Manny Lopez clashed heads with Tim Prozorov. The Estonian was fine, but Manny had an egg on his face for a couple of weeks, poor bloke. Thankfully his constant amazing skating at every xmas jam helped him get the attention needed for Fabric to hook him up. Chris Oliver’s BS lipslide/FS bluntslide/5050 down the super long hubba won the Superdead comp outright. Chroliver, Nowik, Cullen, Raemers, Zwijsen and Jake Collins took the honours. The entire Kill City team ripped too, even though they had just flown in from Barcelona and brought their DVD for us to premiere at Mau Mau’s. We are now banned from there too. Full feature here. Video here.

Chroliver after the backside disaster hubba treatment. One of the best tricks ever. In fact, what is the best trick ever over the ten years?

Jed Cullen. Honorary member.

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2012

So here we are awaiting the video, photos and highlights to put in here from the 10th Anniversary Xmas Jam. Get down to this event and make it the best we have ever witnessed, as without you lot, this event is nothing.

I would like to thank everyone at BaySixty6 skatepark over the years for having us. All the photographers (i’m sure that Tom Halliday, Dom Marley, SMAY, Matt Clarke, Jerome Loughran, Styley and others may have photos on this page), and filmers Alan Christensen, Andy Evans, Moose and so many more. There are actually too many to mention here, but you know who you are. Thank you so much for helping. Honorary members.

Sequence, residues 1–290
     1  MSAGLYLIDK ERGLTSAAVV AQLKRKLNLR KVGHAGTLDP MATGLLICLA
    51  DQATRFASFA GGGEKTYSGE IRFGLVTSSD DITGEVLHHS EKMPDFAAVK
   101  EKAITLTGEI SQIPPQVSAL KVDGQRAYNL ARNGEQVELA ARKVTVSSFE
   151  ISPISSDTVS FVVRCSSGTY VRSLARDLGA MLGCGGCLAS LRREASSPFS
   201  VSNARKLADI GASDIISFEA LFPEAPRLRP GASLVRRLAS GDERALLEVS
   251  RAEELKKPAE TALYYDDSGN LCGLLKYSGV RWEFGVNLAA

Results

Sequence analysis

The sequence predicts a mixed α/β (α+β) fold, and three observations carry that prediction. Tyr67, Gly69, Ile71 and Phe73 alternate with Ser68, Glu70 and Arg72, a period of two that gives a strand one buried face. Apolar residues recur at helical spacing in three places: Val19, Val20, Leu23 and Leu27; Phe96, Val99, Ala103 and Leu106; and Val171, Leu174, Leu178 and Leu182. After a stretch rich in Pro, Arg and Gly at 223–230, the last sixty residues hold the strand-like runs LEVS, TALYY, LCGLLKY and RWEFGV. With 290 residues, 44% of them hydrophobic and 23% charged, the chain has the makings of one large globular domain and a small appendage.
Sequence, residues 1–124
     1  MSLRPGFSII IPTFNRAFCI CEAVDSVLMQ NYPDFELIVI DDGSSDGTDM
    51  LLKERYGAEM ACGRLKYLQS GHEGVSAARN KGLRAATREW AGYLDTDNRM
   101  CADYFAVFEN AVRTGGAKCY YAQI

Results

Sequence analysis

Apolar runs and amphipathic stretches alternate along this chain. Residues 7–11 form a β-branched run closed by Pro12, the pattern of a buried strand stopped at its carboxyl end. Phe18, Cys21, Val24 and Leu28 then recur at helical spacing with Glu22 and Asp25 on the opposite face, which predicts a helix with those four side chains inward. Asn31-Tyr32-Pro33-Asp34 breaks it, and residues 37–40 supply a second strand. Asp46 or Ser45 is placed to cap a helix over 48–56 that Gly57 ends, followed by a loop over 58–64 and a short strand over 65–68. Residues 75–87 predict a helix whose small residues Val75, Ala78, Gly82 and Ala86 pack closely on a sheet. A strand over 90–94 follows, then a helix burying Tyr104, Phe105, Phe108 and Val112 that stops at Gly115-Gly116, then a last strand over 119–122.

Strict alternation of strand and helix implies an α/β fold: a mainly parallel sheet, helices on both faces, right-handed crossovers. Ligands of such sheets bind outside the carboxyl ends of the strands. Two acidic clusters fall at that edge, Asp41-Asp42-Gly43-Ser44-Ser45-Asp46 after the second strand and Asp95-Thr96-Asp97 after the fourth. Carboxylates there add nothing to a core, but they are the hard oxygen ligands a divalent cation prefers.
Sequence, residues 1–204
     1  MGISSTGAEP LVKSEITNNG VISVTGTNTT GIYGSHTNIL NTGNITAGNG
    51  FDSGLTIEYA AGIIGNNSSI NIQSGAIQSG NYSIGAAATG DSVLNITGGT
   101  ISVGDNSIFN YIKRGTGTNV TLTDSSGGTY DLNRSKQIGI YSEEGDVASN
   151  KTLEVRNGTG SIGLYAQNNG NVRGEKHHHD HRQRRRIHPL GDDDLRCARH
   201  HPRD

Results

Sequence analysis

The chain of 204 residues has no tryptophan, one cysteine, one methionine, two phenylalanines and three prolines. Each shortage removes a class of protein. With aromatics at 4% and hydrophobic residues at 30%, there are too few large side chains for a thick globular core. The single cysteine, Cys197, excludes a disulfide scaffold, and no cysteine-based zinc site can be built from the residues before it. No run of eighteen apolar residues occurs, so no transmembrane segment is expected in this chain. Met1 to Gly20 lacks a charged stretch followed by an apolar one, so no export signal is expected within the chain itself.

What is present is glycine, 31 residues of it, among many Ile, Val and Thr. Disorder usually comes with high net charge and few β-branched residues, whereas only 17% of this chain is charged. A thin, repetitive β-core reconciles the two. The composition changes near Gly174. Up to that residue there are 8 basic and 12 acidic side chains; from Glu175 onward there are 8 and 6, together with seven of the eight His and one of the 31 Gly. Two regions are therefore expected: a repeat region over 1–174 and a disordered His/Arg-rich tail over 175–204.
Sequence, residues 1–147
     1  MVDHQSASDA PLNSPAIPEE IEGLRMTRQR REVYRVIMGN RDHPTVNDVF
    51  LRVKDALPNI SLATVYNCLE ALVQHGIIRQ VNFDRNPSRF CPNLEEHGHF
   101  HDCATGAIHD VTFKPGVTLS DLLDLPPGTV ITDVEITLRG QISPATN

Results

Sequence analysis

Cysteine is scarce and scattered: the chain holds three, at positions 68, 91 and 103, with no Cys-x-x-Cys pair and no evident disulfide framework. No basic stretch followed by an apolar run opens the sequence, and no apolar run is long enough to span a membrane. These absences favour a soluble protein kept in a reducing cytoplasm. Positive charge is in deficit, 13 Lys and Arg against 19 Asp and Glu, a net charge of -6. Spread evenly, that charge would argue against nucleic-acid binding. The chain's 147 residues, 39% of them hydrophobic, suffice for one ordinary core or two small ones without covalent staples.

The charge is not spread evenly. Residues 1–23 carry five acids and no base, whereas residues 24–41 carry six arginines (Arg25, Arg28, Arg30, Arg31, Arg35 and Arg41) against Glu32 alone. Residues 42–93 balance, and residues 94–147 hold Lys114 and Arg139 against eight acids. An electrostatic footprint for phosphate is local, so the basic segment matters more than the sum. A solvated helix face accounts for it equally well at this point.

I also want to thank everyone who has sponsored the event, Mark Brewster for mic duties over the years, every distribution company and skate shop that help us reach skaters with flyers. All pro teams, skaters and UK skate companies that have traveled miles and donated product annually. All at Sidewalk who covered the event throughout the years, and of course, you, for being there to make it happen. Here’s to another decade.

Zac

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Sidewalk video ‘In Progress’ premiere info announced

We are stoked to hear today that the hard working guys at Sidewalk Magazine have completed their full length video this week and have also announced UK premieres. The video itself will have sections from all of the UK’s upcoming talent including Ben Raemers, Harry Lintell, Conhuir Lynn, Nicky Howells, Barney Page, Tom Harrison and Sean Smith, alongside Mark Baines, Nick Remon, Ben Nordberg, Chris Jones, Denis Lynn and appearances from many, many more.

Get your tickets for these sorted as soon as possible as these first viewings are only 2 weeks away.

Saturday 17th September – CUC, Liverpool. 7pm. Pre-premiere session at New Bird from 4pm. Contact www.lostartshop.co.uk for further info

Thursday 22nd September – Prince Charles, London. 6pm. Limited tickets available from www.slamcity.com soon.

Saturday 1st October – T13 Skatepark, Belfast. Pre-premiere jam TBC – keep an eye on the www.bogginzine.com forum for updates.

There will be many more around the UK, so stay tuned to Sidewalk for details. Share these details on your facebook page from the link above.